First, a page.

1. When a team is co-located, conversations happen in many places where not everyone is present, such as hallways, cafeterias, watercoolers, etc. When that happens great work can emerge, and it’s satisfying to do! It also may result in a lack of shared understanding about what was discussed, because not everyone who might need to know is present. This dynamic also occurs virtually, in the form of private emails, Slack conversations buried in a channel, private messaging, etc. Use your better judgement about the best tool to inform others: an email (which can be triaged, privately), Slack message (which facilitates faster back-and-forth, privately), or Phab (which is the team’s one-source-of-truth about work state and priorities, in public). Videochat works, too, but it is not persistent (unless you record).
  2. Since we're often juggling communication between multiple teams, and we’re a distributed team, it can be a challenge to ensure that changes and decisions are communicated effectively – particularly when requirements/designs/etc change. Documenting helps other folks who may wind up continuing with the same work, or there may be implications to the changes that are only known to someone else on one of the teams. If it can be public, it probably should be on Phab. This is not only in line with our values, but it also puts at ease those people who want to know how and why decisions were made. Doing it upfront mitigates context-switching to do it later, too. If you have a meeting without everyone present, record the meeting and/or take notes, and then send that to the people who need to see it.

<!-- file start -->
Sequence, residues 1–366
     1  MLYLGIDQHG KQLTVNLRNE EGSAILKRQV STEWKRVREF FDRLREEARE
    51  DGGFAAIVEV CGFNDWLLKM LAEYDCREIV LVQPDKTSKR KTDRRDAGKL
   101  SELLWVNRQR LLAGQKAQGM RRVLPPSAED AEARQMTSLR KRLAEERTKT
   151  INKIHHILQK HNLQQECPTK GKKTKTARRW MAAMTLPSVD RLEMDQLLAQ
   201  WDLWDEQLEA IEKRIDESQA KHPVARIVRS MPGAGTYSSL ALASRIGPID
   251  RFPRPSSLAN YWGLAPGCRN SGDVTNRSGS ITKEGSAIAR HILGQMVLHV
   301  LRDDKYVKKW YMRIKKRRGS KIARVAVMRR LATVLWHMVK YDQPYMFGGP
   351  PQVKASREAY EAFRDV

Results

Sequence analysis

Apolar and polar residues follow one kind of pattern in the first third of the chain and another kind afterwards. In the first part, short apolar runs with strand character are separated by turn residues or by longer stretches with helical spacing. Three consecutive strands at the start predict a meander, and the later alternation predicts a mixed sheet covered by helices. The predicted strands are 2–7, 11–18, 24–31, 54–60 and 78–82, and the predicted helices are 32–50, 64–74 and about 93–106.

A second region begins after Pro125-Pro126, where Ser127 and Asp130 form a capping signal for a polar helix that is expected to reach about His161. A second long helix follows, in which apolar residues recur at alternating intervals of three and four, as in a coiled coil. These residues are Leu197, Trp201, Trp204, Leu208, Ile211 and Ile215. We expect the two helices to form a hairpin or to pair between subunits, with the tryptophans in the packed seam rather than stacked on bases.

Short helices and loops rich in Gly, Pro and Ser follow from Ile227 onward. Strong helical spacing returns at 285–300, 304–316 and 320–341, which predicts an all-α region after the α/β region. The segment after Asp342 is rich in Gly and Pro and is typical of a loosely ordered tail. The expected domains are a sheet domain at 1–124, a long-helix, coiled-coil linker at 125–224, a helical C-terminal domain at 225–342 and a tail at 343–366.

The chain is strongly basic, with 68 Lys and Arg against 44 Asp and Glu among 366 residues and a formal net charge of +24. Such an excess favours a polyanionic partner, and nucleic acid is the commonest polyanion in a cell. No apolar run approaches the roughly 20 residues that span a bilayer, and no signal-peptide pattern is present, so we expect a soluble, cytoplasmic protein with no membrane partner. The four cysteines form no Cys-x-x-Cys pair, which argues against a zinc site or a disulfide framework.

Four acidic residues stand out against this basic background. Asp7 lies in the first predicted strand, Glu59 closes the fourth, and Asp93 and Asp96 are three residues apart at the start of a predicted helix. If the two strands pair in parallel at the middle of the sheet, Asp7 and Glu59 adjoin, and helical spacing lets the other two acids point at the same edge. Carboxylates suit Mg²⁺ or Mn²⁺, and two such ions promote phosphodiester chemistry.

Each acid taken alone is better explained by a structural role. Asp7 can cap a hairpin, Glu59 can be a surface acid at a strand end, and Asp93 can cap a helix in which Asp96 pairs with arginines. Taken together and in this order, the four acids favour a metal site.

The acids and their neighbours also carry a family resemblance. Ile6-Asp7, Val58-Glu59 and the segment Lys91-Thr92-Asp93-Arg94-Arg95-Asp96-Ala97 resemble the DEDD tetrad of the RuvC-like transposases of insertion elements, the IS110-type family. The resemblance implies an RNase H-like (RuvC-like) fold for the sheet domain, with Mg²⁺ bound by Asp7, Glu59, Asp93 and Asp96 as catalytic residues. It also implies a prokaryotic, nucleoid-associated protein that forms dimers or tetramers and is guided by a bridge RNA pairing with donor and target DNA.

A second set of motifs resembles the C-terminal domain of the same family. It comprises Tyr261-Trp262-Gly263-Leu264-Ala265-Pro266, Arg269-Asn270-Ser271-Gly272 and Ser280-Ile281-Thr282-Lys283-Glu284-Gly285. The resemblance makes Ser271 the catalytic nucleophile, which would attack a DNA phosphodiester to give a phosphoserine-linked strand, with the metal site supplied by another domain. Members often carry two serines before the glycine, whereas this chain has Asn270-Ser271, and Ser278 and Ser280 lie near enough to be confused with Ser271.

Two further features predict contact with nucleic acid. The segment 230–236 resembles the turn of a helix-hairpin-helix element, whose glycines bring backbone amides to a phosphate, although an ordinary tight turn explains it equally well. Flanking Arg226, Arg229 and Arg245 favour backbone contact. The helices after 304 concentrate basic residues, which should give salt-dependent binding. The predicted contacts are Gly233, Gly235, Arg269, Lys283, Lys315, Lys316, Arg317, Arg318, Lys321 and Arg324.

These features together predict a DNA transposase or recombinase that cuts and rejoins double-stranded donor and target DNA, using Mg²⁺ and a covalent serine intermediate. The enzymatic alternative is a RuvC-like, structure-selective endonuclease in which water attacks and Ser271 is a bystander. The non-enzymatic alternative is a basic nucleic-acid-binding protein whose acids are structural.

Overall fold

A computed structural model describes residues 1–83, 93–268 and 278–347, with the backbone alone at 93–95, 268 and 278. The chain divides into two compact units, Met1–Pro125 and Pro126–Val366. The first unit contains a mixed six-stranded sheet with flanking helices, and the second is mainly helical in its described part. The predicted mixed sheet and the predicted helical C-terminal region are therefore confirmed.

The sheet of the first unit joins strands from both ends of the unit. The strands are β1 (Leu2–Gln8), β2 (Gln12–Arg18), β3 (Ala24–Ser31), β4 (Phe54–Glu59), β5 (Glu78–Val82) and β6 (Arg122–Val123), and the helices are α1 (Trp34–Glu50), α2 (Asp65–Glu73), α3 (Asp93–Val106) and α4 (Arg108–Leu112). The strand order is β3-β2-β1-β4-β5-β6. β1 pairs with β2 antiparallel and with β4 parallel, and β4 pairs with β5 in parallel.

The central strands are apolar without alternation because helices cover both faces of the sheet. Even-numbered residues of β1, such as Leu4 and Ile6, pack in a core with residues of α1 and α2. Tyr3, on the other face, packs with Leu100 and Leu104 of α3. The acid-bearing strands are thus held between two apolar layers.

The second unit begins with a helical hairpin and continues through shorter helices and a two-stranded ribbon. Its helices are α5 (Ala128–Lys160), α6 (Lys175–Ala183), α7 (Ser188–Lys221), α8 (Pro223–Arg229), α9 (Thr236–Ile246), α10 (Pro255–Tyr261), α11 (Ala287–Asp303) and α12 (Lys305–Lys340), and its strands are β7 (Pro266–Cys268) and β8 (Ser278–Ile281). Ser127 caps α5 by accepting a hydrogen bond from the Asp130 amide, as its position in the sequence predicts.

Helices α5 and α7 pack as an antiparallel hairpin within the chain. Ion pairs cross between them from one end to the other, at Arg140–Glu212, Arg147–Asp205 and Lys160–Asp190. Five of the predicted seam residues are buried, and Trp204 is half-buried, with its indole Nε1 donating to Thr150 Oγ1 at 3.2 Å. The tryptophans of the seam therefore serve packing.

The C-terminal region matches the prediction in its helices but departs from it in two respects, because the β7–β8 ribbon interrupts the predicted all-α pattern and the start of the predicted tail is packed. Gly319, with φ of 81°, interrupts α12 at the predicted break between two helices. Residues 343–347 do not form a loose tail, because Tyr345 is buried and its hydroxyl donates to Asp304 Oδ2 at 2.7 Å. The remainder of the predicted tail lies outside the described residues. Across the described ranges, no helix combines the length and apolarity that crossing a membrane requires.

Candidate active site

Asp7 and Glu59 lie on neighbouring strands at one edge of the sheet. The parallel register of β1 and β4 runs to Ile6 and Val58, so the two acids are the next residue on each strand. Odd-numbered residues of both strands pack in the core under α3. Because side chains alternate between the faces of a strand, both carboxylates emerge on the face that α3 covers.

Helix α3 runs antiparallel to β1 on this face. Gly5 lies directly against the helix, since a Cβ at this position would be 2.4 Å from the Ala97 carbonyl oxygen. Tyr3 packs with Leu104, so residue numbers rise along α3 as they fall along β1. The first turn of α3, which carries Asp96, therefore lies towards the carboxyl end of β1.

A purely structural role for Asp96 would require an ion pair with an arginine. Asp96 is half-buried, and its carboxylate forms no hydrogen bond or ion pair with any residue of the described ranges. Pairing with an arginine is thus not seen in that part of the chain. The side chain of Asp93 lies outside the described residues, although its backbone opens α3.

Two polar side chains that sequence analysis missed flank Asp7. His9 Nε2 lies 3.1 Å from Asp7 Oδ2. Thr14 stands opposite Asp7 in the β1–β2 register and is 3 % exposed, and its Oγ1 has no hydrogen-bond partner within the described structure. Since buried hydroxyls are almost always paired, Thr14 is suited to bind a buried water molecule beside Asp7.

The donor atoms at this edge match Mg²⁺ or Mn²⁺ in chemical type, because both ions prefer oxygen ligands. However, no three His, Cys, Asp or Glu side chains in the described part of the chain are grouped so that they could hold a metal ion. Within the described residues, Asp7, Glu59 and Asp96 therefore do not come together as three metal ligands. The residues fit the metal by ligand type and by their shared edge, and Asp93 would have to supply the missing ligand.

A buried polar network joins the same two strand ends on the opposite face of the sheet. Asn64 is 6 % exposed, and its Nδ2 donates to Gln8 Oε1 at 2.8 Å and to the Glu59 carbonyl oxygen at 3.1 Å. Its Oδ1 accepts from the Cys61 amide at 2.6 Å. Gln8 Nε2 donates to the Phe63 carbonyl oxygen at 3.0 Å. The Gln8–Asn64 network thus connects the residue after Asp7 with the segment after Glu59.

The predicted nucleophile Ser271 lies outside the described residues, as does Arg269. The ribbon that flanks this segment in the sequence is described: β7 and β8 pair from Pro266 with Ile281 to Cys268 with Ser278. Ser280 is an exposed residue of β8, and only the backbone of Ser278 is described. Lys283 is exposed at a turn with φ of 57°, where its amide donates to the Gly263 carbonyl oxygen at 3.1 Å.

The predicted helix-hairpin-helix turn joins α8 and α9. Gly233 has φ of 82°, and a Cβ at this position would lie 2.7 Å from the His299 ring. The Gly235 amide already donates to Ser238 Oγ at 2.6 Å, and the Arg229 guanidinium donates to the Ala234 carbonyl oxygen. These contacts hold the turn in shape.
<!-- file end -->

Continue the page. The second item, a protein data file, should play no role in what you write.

3. “If you disagree, speak up” is OK as an expectation (i.e. that people will engage), but not for making a decision. “Say whether you agree or disagree” is better.
  4. This can be especially important when communicating with people outside the team (such as volunteers, or colleagues on other teams), as a representative of the team. Even when using a format that isn’t written, such as videochat, take care to express yourself explicitly, and acknowledge the expressions of others. This can mean facial expressions, gestures, etc. Set expectations about the urgency of your requests, especially in email. Examples. If there is ambiguity in someone's tone, or you feel defensive or any sort of discomfort, politely and explicitly share your experience with the person with whom you are speaking. Give your teammates the benefit of doubt, and with the same honesty, humility, respect, and trust that you expect (or desire) from them. We're a tiny, minuscule team that faces big challenges and has the privilege to work together for a long time together. Our work together should often feel quite different than working across teams. The relationships here are much stronger and closer by necessity. Part of our jobs is helping each other get things done. Talking to each other is a big aspect of that.